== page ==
(iii) By detachment from joy he dwells in equanimity, mindful, and with clear comprehension and enjoys bliss in body, and attains to and abides in the third jhana / dhyana, which the noble ones [ariyas] call "dwelling in equanimity, mindfulness, and bliss".

(iv) By giving up of bliss and suffering, by the disappearance already of joy and sorrow, he attains to, and abides in the fourth jhana / dhyana, which is neither suffering nor bliss, and which is the purity of equanimity — mindfulness.

This is called right concentration.

Although this instruction is given to the male monastic order, it is also meant for the female monastic order and can be practiced by lay followers from both genders.

According to the Pali and Chinese canon, right concentration is dependent on the development of preceding path factors:

The Blessed One said: "Now what, monks, is noble right concentration with its supports and requisite conditions? Any singleness of mind equipped with these seven factors — right view, right resolve, right speech, right action, right livelihood, right effort, and right mindfulness — is called noble right concentration with its supports and requisite conditions.
—Maha-cattarisaka Sutta
Last edited by icyteru on Sat Jul 02, 2011 1:37 pm, edited 1 time in total.
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Re: mindfulness vs concentration

Postby tiltbillings » Sat Jul 02, 2011 9:56 am

icyteru wrote:7. Right Mindfulness--samma sati . . .
Good stuff.
This being is bound to samsara, kamma is his means for going beyond.
SN I, 38.

Ar scáth a chéile a mhaireas na daoine.
People live in one another’s shelter.
"We eat cold eels and think distant thoughts." -- Jack Johnson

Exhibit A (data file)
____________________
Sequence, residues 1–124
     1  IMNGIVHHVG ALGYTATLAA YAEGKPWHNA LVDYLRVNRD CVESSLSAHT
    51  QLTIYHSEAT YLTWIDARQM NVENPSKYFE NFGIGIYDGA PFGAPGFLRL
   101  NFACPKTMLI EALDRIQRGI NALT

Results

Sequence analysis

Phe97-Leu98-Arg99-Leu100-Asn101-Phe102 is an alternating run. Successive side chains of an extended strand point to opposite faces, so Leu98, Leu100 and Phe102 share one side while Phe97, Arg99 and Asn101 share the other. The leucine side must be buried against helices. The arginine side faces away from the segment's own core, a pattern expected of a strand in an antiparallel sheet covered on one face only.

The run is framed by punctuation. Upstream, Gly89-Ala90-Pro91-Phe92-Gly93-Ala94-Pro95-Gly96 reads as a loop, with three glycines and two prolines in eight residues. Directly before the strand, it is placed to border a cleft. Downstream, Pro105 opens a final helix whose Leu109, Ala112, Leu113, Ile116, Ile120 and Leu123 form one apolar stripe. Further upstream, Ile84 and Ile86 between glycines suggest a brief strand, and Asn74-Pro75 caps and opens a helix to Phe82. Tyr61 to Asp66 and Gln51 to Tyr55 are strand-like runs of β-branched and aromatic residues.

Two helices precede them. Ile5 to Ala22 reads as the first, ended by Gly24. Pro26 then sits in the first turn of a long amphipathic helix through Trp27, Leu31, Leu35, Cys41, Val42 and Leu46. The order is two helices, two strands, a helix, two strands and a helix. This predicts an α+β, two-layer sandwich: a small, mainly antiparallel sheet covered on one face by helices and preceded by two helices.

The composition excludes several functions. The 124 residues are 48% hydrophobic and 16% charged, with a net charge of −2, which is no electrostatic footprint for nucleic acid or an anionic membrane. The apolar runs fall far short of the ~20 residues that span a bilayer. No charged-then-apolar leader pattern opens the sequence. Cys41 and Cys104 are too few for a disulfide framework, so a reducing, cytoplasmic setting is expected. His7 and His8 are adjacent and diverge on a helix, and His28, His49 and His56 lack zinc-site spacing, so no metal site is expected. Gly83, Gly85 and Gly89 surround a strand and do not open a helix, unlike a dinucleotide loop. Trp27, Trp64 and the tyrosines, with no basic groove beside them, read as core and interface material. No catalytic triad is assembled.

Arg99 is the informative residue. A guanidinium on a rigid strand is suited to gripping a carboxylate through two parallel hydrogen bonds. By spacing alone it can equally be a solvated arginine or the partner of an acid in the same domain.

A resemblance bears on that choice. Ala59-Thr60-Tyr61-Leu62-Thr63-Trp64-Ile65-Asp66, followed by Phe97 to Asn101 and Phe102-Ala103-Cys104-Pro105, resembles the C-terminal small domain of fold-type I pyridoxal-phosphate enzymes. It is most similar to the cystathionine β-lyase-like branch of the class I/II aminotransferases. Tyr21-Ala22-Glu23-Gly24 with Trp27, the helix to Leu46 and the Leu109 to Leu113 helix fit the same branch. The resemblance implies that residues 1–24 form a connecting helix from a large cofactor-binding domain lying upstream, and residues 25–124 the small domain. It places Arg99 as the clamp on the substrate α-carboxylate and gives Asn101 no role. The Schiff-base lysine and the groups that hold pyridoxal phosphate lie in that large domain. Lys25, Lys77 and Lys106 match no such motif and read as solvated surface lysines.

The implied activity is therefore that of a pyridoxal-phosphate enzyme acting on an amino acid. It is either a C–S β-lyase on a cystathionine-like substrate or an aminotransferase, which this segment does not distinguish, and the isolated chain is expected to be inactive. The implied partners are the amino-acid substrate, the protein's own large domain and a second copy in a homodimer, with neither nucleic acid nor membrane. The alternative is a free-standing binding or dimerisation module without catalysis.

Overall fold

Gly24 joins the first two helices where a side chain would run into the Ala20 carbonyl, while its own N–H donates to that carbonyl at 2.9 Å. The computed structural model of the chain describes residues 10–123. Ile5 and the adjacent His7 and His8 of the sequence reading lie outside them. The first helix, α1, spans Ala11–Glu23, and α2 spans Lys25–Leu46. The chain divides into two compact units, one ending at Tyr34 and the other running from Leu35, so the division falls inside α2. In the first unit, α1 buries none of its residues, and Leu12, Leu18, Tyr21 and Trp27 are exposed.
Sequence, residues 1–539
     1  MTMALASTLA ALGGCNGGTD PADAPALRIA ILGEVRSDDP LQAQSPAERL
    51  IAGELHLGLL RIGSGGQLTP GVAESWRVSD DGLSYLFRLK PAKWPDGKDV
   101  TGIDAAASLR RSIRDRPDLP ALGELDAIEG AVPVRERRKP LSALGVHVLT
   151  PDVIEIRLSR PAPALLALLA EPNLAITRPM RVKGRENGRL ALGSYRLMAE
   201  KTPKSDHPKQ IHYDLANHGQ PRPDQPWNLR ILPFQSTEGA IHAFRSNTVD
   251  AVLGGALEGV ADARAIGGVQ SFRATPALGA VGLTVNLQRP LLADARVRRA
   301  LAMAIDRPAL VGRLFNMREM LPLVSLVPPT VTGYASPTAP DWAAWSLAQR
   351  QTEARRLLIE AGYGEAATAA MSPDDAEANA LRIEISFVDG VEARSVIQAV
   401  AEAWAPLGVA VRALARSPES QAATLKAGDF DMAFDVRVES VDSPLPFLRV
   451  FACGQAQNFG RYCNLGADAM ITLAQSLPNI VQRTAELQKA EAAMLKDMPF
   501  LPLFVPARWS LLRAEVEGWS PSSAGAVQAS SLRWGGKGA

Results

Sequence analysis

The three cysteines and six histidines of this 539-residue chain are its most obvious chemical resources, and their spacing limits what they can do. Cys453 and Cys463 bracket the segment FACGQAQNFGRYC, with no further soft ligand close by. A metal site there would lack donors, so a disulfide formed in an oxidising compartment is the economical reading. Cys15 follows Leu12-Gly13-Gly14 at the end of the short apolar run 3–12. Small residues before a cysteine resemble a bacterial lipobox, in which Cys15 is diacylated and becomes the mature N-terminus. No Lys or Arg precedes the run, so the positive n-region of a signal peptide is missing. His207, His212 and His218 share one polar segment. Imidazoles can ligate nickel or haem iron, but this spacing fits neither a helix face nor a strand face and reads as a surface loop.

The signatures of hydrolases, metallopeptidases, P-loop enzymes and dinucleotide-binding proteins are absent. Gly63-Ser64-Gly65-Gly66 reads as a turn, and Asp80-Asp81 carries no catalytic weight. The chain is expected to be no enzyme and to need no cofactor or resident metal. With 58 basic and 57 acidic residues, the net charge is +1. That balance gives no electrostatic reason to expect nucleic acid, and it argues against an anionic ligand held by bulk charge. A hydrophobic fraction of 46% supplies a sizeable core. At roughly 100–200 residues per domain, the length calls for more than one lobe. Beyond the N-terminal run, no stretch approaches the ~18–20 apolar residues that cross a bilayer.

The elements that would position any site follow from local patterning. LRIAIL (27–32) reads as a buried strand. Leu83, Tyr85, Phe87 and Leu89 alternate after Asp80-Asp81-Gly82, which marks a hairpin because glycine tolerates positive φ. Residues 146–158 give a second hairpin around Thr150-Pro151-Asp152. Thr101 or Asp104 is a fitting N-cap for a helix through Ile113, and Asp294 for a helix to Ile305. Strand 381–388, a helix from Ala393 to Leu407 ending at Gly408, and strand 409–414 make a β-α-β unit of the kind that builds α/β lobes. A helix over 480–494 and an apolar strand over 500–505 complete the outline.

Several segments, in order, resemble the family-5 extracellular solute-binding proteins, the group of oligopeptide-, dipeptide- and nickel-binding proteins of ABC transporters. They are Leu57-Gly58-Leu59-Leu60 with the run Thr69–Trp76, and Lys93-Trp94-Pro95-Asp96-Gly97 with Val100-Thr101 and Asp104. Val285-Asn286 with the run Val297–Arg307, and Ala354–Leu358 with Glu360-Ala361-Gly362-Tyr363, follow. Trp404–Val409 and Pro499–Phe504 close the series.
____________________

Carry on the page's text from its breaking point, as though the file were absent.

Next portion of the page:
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Re: mindfulness vs concentration

Postby Ytrog » Sat Jul 02, 2011 10:08 am

Last week I read "Mindfullness in plain English". I can really recommend it regarding this topic. :anjali:
Suffering is asking from life what it can never give you.


mindfulness, bliss and beyond (page 8) wrote:Do not linger on the past. Do not keep carrying around coffins full of dead moments


If you see any unskillful speech (or other action) from me let me know, so I can learn from it.
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Re: mindfulness vs concentration

Postby rowyourboat » Sat Jul 02, 2011 11:30 pm

I particularly like the following definition of heedfulness (appamada). It suggests the link between mindfulness and concentration leading to insight.

"And how does one dwell in heedfulness? When a monk dwells with restraint over the faculty of the eye, the mind is not stained with forms cognizable via the eye. When the mind is not stained, there is joy. There being joy, there is rapture. There being rapture, there is serenity. There being serenity, he dwells in ease. The mind of one at ease becomes centered. When the mind is centered, phenomena (dhammas) become manifest. When phenomena are manifest, one is classed simply as one who dwells in heedfulness.

"When a monk dwells with restraint over the ear... nose... tongue... body...


http://www.accesstoinsight.org/tipitaka ... .than.html